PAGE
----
In 1995 I interviewed John Wetton and he recalled no leftover tracks being recorded, but sure enough 2 outtakes would eventually be released. “Sunshine”, a good upbeat number; love Lee Kerslake’s intro and playing here. The other cut is the guitar heavy “Name Of The Game”. This song appeared in another version on Ken Hensley’s From Time To Time album in ’94 (an album of solo outtakes and demos), as Ken had recorded the track in the late ’70s with members of Bad Company. A great heavy riff to open this song, fantastic delivery from David and slide guitar from Ken. To me, this sounds like it wasn’t totally completed or mixed well enough, hence it’s lack of inclusion on the album, but a crying shame this wasn’t totally finished and cleaned up and included – could’ve made for a very different outcome of an album that is often brushed off as “lightweight”.

High and Mighty received a huge press bash at the time in Switzerland, where James Bond was filmed. But after that the album dropped – with no worldwide single, and little push. As the band toured the US before it’s release – with no single on the radio or record in the shops, High and Mighty was kinda doomed. The tour saw Ken Hensley leave the band and return, and David Byron fired at the end of the European tour. John Wetton had already made up his mind due to the internal conflict, and and left as well. Many fans wrote the band off after David Byron was dismissed, and the band’s profile and album sales would continue to sink in North America.

But really, I kinda love this album. I realize it may be seen as lightweight or too much of a Ken Hensley solo project by many old Heep fans, but to me it had a new fresh approach and sound following Return To Fantasy and Wonderworld. The band experimented, did something new, and High and Mighty offered up a number of tracks that would’ve made fine singles. With John Wetton having a major hand in it, it sounded much more modern in tune with UK nd Asia, and a forward step from the band’s previous albums. Heck, I even think the album cover art is pretty cool!

KJ, 02/’22

A Pair Of Classic Albums: Blizzard Of Ozz & Diary Of A Madman

You know, those albums that go together as a set, if you have one – you got to have the other[?] They are linked in some way, be it – cover art, band line-up / personnel, success, sound, lyrical themes and song titles, etc…

So, I’ll start with one of the easiest pairs of albums for me, and that is the first 2 Ozzy Osbourne albums [aka the Blizzard Of Ozz band]. 1980’s Blizzard Of Ozz and 1981’s Diary Of A Madman – the same band, written & recorded less than a year apart, for the same label. These 2 go together as a set, more than anything else in Ozzy’s career, and for me it was all downhill after these 2 albums. Both were major successes, and gave Ozzy’s post-Black Sabbath career a huge lift-off. (I’ve also added in some detail & recall).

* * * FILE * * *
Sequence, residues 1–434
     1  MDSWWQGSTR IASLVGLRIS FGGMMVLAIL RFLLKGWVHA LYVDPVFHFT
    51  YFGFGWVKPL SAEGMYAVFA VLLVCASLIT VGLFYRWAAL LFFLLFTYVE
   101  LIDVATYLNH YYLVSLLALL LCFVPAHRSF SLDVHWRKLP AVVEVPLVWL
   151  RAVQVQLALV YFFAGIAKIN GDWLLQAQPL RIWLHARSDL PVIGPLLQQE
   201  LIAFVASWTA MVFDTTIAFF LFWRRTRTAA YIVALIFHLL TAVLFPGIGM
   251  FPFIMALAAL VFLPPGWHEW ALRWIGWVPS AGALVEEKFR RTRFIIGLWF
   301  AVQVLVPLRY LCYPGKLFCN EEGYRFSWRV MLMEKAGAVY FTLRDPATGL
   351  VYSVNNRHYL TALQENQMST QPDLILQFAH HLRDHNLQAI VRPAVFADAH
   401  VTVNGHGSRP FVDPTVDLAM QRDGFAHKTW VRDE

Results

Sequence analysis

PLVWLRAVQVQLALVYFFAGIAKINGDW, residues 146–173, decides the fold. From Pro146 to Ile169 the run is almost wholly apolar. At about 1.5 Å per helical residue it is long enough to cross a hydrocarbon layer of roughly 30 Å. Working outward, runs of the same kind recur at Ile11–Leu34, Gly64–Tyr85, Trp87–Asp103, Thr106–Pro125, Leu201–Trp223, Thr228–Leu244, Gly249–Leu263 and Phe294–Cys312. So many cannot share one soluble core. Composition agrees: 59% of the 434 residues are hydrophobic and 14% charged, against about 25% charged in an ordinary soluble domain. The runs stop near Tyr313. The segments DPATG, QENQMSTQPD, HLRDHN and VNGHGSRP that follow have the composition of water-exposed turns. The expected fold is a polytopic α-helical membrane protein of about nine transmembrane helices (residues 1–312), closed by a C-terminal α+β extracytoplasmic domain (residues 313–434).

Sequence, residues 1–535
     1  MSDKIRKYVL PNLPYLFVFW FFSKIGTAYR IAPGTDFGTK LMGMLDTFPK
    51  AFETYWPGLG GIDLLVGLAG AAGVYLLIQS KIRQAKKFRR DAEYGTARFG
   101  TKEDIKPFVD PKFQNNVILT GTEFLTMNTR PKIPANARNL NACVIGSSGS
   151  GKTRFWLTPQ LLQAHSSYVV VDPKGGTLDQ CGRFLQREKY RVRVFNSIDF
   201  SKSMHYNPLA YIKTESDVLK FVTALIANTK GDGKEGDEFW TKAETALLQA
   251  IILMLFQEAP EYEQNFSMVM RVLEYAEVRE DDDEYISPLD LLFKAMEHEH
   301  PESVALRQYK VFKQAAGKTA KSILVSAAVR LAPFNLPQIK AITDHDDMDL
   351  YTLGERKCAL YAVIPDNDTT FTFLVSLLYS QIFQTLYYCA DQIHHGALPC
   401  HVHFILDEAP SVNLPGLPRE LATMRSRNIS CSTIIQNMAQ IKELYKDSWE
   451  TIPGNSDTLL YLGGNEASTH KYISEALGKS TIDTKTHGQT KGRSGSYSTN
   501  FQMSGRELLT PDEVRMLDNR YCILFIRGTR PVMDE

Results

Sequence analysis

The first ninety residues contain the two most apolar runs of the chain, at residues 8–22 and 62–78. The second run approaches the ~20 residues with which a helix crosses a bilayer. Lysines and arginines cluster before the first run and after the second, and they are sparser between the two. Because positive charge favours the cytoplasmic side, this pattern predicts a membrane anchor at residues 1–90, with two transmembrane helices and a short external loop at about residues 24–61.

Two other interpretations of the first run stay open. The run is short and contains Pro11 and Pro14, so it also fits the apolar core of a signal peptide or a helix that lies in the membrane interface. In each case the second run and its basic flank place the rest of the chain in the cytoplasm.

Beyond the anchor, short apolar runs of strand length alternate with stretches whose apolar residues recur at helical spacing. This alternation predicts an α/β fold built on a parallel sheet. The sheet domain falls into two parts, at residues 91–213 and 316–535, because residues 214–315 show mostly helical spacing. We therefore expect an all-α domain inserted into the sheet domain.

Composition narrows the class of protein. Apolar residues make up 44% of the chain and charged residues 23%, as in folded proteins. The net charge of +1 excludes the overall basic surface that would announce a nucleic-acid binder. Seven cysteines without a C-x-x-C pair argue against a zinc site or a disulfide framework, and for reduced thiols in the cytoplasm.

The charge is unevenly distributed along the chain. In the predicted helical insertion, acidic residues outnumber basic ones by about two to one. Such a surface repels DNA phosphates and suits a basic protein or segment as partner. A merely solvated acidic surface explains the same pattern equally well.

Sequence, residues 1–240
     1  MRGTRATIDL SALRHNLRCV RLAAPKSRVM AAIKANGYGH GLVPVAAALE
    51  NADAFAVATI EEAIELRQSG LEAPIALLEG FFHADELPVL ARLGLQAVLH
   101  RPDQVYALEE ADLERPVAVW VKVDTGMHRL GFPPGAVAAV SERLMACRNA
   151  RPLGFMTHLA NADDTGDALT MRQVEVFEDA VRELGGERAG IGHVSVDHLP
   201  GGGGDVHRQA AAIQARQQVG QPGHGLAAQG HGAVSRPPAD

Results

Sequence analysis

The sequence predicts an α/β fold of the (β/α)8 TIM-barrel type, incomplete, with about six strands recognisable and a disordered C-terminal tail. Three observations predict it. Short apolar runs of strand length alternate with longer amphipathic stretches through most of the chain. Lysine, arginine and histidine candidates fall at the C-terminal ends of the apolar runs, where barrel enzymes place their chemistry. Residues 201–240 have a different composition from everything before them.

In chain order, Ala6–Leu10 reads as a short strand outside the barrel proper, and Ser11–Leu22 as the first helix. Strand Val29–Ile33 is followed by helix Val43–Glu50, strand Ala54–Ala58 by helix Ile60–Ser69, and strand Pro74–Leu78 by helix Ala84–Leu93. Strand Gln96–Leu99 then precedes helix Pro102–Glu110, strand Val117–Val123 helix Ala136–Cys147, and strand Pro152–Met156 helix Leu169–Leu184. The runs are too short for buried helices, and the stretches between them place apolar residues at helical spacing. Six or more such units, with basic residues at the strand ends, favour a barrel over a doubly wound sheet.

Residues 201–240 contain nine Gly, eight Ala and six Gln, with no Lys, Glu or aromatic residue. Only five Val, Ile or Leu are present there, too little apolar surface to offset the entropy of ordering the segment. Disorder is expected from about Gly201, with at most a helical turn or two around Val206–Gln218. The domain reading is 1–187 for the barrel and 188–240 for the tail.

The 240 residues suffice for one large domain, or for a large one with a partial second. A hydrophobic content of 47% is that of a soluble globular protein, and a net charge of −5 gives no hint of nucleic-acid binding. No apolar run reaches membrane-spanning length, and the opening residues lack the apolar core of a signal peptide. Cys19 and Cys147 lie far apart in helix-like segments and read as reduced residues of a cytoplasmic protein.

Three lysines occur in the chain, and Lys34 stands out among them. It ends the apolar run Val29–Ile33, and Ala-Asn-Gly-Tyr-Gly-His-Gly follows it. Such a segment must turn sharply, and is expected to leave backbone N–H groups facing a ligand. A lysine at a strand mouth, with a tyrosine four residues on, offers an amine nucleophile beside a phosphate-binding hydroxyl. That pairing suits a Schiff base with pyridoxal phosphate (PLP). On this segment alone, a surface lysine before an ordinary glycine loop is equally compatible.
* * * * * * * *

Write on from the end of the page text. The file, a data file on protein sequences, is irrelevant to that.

“I went to a gig in London, and there was a band called ‘Girl’ playing, and they were a Jet Records band; Widowmaker had also been on Jet Records (as you probably know). I was looking for work myself, and I thought ‘well, it’s always good to put yourself around and see who’s about!’ I met Arthur Sharpe – who had been working for Jet Records, and it was Arthur who introduced me to Ozzy. Ozzy told me he was about to form a band and would I like to go up to his house in Stafford, and have a play, and he’d get a couple of local musicians in, and I said ‘Yes’. So I went up there, and he knew I’d just come from Rainbow; he said he liked my playing and would I be interested [?]. And I said ‘yes, I’d be interested in getting a band together with Him, but I wasn’t so sure about the local drummer and guitar player that he’d got in. And he said ‘OK, leave it to me, hang on a minute.’ And he walked out of the room and in to the studio that was in his house and said ‘OK guys – it’s not working out – Now pack up your stuff and go!’ [laughs]. And that was how he told them, which I thought was quite funny. Then he got on the phone to Arthur Sharpe and said ‘Bob and I get on like a house on fire, and the fire-brigade’s just left!’ And we went from there. He said he knew a guitar player that he’d met in LA called Randy Rhoads, so Jet Records flew Randy over and we started auditioning drummers…. He [Lee] was the last drummer we auditioned, and we must’ve auditioned 30-40 drummers at that time. We almost decided on 1 or 2, but they didn’t work out, and we had one more to audition and that was Lee Kerslake…. We auditioned down at The Who’s rehearsal place at Shepperton in London, and he perfect within the first number! I think the first song we did was ‘I Don’t Know’, and as soon as Lee started playing he just went for it ‘big time’, broke sticks, bits of sticks were flying everywhere, and Randy and I looked at each other and thought ‘this is the guy!’. He was like a bull in a China shop – he was perfect!” – Bob Daisley, 1999

To start you had a new band [for any doubters, look up earliest band photos] that featured the line up of Ozzy Osbourne [fired from Black Sabbath, but who had a distinctive voice and was a major character], along with Bob Daisley – ex of Rainbow, Widowmaker, and whom would pen most of the lyrics on the 2 BOZ albums], Lee Kerslake – the last to join, had been a huge part of Uriah Heep’s classic line-up having played on their biggest albums, And a young American guitarist named Randy Rhoads – Rhoads was a guitar teacher, and previously played with LA glam rock act Quiet Riot; he could play classical guitar, as well as contributed huge riffs and solos. He had a sound of his own, and as far as ’80s guitarists go, he was #1 for me – NO one sounded like him, or was as creative.